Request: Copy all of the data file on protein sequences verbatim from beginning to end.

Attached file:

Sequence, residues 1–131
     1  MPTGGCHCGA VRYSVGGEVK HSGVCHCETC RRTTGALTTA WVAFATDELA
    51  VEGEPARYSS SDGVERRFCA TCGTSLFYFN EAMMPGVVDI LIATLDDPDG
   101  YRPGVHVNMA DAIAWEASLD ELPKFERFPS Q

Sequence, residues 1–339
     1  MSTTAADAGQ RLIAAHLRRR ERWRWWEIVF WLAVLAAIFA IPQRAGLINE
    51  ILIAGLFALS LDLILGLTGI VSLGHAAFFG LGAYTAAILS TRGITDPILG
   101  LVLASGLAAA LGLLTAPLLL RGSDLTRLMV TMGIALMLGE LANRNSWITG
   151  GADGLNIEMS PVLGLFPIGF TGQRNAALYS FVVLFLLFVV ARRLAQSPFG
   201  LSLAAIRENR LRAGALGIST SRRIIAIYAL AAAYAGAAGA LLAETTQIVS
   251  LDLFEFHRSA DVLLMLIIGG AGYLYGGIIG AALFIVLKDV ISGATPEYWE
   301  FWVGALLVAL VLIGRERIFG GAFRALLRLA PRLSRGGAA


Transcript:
Sequence, residues 1–131
     1  MPTGGCHCGA VRYSVGGEVK HSGVCHCETC RRTTGALTTA WVAFATDELA
    51  VEGEPARYSS SDGVERRFCA TCGTSLFYFN EAMMPGVVDI LIATLDDPDG
   101  YRPGVHVNMA DAIAWEASLD ELPKFERFPS Q

Sequence, residues 1–339
     1  MSTTAADAGQ RLIAAHLRRR ERWRWWEIVF WLAVLAAIFA IPQRAGLINE
    51  ILIAGLFALS LDLILGLTGI VSLGHAAFFG LGAYTAAILS TRGITDPILG
   101  LVLASGLAAA LGLLTAPLLL RGSDLTRLMV TMGIALMLGE LANRNSWITG
   151  GADGLNIEMS PVLGLFPIGF TGQRNAALYS FVVLFLLFVV ARRLAQSPFG
   201  LSLAAIRENR LRAGALGIST SRRIIAIYAL AAAYAGAAGA LLAETTQIVS
   251  LDLFEFHRSA DVLLMLIIGG AGYLYGGIIG AALFIVLKDV ISGATPEYWE
   301  FWVGALLVAL VLIGRERIFG GAFRALLRLA PRLSRGGAA